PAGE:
If you have a large portfolio, it might take some time to implement the DIY approach. First, you need to keep the portfolio updated every month or so. Next, performing the rebalancing can be cumbersome if you hold more than 5 ETFs or have a large net worth, across a variety of investment accounts. In this case you might be interested in a combination DIY vs robo-advisor solution.
If you’re very busy, even if you have the skill to manage your own investment portfolio, a robo-advisor might be the best choice for you. It might be worth the annual robo-advisor management fee to outsource your investment management.
As a starting point, you might investigate the best robo-advisor returns for 2017. But, don’t let performance be your only consideration. Look under the hood of the advisors' investing method as well as the annual management fees.
Robo Investing Pros and Cons
The advantage of investing with a robo-advisor is that it’s a one-stop shop for fund selection and investment management. Some robo-advisors, such as Betterment, offer human financial advisors as well. The robo-advisory fees are typically lower than most financial planners. The robo-advisor investment theory is generally sound and based on modern portfolio theory.
That all sounds dandy - low fees and professional management. But, the investment asset classes are generally fixed. If you want a REIT allocation in your robo-advisor portfolio, you may or may not have access to that asset class. Interested in a small-cap value ETF? Again, your robo-advisor might not have that option in their fund choices. So, investing in a robo-advisor can be limiting. Finally, as this technology is so new, there’s little data to support robo-advisors’ performance during a bear market.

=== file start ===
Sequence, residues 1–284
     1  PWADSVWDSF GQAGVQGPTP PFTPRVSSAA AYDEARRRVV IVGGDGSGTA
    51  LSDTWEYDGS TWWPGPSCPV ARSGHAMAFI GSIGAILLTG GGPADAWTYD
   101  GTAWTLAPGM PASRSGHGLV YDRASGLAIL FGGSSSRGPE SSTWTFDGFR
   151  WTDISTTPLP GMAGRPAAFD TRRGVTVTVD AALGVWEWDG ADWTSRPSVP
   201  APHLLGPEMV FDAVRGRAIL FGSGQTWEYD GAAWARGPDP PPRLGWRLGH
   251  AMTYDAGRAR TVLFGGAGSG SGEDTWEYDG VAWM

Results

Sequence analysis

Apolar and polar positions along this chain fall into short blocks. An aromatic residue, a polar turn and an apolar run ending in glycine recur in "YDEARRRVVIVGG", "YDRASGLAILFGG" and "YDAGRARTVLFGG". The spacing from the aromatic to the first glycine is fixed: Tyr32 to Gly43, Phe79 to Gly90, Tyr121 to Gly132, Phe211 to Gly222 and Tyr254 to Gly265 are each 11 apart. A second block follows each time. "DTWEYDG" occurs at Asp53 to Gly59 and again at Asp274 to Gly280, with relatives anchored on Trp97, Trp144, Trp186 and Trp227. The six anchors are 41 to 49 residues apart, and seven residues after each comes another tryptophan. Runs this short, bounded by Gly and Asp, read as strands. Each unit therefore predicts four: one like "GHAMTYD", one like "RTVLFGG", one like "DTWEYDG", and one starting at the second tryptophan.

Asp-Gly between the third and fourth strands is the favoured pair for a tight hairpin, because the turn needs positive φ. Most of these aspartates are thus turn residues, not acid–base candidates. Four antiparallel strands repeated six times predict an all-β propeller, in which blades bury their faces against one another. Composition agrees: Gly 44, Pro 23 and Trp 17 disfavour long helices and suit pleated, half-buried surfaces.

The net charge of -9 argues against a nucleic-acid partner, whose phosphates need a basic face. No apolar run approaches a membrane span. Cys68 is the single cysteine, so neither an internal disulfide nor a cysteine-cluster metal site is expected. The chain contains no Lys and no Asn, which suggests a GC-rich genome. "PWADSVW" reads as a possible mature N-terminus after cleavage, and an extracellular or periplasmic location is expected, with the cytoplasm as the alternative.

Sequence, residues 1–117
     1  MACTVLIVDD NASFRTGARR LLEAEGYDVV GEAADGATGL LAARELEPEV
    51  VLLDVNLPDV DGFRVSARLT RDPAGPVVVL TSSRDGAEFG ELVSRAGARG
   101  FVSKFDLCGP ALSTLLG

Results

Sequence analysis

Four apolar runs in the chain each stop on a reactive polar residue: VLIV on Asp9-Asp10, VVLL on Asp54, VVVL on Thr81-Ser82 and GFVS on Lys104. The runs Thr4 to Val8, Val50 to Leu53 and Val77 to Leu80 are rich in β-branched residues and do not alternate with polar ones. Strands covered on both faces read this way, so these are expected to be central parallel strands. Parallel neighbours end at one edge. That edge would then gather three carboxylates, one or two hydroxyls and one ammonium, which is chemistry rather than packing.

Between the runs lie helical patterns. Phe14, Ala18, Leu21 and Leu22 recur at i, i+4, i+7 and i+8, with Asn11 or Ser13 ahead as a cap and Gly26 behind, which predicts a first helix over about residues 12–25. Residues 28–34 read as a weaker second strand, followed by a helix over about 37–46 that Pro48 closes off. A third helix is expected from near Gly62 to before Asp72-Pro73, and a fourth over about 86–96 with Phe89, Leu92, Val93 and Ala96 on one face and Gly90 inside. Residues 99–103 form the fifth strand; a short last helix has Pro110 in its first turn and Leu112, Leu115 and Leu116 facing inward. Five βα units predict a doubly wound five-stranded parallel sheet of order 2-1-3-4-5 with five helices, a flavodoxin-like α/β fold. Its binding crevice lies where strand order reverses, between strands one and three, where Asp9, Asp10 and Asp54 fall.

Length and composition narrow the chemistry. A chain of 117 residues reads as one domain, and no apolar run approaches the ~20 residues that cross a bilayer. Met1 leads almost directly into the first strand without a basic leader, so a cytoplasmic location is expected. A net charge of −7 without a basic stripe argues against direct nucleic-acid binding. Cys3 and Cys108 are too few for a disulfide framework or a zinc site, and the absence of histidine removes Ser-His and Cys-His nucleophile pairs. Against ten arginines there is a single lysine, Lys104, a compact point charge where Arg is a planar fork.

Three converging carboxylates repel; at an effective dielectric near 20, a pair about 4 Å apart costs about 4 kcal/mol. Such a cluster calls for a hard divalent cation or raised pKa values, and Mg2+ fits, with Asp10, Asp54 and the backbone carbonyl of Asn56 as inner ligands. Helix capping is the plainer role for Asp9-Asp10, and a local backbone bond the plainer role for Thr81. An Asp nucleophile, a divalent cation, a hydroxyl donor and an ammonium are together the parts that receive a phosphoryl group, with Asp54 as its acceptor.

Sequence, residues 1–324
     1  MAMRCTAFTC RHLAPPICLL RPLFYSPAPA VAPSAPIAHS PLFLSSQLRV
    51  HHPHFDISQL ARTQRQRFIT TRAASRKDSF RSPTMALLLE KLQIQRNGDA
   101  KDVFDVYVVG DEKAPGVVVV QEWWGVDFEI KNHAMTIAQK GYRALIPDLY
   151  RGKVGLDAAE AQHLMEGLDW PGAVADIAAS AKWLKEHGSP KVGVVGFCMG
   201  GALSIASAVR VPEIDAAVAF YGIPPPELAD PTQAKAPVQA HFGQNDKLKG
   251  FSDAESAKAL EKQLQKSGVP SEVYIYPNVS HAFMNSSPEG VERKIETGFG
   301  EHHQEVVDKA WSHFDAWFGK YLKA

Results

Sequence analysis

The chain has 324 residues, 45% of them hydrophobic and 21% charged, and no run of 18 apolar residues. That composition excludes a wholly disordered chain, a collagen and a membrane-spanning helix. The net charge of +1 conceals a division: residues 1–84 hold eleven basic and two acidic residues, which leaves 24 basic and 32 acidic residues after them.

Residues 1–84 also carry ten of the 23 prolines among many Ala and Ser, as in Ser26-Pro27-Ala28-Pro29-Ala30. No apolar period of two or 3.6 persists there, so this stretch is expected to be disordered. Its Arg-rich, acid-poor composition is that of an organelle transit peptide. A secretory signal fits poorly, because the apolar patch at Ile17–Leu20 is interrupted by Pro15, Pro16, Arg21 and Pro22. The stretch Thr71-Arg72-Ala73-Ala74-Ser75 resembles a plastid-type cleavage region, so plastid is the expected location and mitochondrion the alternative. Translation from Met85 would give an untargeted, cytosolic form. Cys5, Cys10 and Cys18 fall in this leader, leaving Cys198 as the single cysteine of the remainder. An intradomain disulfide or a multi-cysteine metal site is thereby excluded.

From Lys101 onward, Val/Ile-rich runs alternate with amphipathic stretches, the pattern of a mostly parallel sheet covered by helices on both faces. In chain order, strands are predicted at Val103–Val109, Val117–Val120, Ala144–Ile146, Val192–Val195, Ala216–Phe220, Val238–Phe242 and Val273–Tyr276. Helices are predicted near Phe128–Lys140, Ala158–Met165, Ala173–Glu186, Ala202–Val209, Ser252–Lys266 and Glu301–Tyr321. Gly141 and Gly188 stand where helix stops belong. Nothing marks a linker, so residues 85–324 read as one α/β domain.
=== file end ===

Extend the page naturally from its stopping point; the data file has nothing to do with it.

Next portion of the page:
Robo investing or DIY isn’t necessarily an either-or. You can choose to have a robo-advisor manage a portion of your assets and DIY the rest. That said, make sure that you consider the asset allocation of all your investable assets when setting the robo-advisory asset class percentages. For the busy, investor, letting a robot manage your money isn’t that different than outsourcing your cooking to Blue Apron or your gardening to TaskRabbit.
Disclosure: I/we have no positions in any stocks mentioned, and no plans to initiate any positions within the next 72 hours.
I wrote this article myself, and it expresses my own opinions. I am not receiving compensation for it (other than from Seeking Alpha). I have no business relationship with any company whose stock is mentioned in this article.
Additional disclosure: Additional disclosure: I have a small investment in WiseBanyan. I use the Personal Capital free dashboard. Information provided on Robo-AdvisorPros.com is for informational/entertainment purposes only. This information should not be construed as professional advice. Please seek a certified professional financial advisor if you need assistance. Per FTC guidelines, Robo-Advisor Pros may be compensated by third party companies that are mentioned either through advertising, reviews, affiliate programs or otherwise. All reviews and articles are our researched personal opinion and no compensation will sway our opinion.